The NEWS (Thursday, February 21, 2008)
Much has been said on how the election results are a referendum against the policies of General Musharraf. While there can be little disagreement with this, there is a clear lesson for Pakistan’s urban intelligentsia that had been screaming about the futility of this election.
True, Pakistan’s troubled polity will not transform overnight, nor will the endemic civil-military imbalance dissipate in the air with the formation of the new civilian government. But this is the magic of electoral politics — it allows the least risky path to a civilian transition. The road ahead is messy we know, but that is the only road that a fractured polity can tread.
The classic failure of the Pakistani urban educated will not go unnoticed. Led by the rhetoric Imran Khan, the delusions of the lawyers’ movement and the rake opportunism of Qazi Hussain Ahmed and General Hameed Gul, the boycott chanting individuals and groups should re-examine their standpoint and ultimately their “politics.”
Unwittingly, they took the risky path of de-legitimising the main political parties that have had the roughest time during the Musharraf years. This was also the time, which the electorate vividly remembers, that Qazi and his allies were feasting on the fruits of power in two provinces and were de facto beneficiaries of the establishment. Not to mention that Mr Imran Khan was campaigning for the general during his referendum. The urban classes term the mainstream politics as “feudal” and the participants “uneducated.” This has to change, lest the opinion leaders are relegated to the dustbin of history. This dustbin already contains some rudiments of political streams, not to mention the left parties, such as the one headed by Mr Abid Hasan Minto, harping on the boycott mantra and middle-class pretensions over the National Reconciliation Ordinance.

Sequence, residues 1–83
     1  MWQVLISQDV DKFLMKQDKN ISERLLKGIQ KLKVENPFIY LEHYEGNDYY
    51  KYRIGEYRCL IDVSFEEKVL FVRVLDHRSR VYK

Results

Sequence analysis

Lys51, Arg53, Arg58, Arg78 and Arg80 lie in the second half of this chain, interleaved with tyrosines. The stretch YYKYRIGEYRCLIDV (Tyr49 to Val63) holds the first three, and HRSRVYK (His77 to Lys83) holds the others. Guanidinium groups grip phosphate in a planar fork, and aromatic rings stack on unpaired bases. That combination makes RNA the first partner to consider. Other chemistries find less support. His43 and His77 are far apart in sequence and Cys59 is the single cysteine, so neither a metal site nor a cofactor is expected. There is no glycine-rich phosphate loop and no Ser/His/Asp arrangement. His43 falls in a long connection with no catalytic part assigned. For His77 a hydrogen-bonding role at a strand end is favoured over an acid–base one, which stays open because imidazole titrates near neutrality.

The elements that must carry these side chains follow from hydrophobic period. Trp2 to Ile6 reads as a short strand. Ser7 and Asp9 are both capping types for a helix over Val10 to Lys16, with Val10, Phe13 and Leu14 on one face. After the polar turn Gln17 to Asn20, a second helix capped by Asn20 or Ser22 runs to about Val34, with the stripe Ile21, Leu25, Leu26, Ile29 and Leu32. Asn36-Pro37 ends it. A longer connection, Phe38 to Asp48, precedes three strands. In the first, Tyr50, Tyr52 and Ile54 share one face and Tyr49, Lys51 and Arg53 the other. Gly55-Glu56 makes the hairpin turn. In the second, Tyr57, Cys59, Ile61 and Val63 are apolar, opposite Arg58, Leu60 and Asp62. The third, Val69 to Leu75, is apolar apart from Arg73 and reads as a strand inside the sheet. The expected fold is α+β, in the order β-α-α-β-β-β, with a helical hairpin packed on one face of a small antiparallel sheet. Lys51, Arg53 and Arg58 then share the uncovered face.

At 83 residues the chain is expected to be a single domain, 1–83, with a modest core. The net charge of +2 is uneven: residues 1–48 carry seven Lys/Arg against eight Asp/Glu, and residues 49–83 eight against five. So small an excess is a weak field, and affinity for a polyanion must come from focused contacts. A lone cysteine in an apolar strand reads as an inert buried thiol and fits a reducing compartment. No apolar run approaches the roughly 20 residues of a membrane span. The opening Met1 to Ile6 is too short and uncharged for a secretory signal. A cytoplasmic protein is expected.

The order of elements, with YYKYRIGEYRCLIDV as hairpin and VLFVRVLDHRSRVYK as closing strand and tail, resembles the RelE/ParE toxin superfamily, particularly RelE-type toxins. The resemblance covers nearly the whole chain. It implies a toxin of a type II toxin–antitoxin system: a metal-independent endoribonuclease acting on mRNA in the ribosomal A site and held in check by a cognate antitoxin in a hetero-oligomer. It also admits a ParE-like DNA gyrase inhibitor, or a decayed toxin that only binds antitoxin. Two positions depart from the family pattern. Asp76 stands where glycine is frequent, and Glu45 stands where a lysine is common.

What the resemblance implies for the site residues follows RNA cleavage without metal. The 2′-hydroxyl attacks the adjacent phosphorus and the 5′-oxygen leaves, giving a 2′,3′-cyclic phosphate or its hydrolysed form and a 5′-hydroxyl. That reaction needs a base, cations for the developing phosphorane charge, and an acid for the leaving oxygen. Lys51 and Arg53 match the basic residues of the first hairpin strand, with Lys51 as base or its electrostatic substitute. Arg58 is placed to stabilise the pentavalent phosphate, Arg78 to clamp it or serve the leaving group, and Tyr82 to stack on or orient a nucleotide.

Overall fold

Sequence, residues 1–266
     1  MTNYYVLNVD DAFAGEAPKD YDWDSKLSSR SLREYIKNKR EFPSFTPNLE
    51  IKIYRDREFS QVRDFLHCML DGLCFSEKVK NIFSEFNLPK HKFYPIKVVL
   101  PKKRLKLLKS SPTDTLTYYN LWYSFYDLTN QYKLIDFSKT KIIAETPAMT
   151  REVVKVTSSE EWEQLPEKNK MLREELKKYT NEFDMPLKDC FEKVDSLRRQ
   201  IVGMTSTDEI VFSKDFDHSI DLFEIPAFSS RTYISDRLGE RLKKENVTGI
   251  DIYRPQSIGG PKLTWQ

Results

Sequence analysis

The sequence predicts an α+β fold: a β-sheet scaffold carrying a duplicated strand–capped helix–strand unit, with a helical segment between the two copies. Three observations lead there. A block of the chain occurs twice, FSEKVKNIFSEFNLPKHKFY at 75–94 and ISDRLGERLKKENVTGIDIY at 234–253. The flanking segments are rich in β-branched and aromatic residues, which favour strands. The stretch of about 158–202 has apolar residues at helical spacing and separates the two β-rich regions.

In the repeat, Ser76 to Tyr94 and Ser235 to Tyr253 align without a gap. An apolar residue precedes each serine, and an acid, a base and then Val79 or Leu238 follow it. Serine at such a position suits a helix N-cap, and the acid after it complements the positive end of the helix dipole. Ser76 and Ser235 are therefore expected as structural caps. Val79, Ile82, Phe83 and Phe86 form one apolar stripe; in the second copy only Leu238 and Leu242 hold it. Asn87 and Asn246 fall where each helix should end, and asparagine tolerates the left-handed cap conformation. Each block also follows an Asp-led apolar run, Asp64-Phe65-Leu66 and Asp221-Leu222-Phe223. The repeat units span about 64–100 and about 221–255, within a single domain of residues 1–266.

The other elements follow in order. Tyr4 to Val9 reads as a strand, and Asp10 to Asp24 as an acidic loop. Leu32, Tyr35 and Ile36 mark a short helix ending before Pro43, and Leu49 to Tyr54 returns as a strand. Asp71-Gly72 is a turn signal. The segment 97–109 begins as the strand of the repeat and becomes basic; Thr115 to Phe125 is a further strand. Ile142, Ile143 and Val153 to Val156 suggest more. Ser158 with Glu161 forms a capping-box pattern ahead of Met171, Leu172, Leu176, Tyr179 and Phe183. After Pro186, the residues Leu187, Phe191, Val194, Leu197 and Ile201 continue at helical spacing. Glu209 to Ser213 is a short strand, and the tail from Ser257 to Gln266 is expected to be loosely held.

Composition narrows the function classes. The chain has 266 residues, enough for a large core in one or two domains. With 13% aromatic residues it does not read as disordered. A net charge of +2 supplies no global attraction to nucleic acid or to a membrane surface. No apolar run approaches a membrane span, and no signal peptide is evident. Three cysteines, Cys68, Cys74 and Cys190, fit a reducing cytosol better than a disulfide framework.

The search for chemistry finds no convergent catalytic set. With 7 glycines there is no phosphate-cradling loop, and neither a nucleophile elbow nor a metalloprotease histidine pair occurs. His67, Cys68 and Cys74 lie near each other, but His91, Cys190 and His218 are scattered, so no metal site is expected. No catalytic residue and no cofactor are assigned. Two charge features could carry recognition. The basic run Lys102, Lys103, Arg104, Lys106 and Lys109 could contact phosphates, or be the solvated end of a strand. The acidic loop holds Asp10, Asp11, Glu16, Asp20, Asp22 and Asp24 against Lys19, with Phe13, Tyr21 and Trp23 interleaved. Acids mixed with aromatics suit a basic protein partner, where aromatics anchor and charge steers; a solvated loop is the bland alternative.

In a country of 160 million people with strong traditions of democratic yearning, the process of change cannot be articulated outside the mainstream electoral politics, however faulty the political parties. This is the biggest lesson we have learned. Mian Nawaz Sharif who was lambasted for his pragmatism now stands vindicated. And, above all, the vision of Benazir Bhutto, who was attacked left right and centre for insistence on the electoral route, stands validated. There could not have been a better tribute to her legacy. Continue reading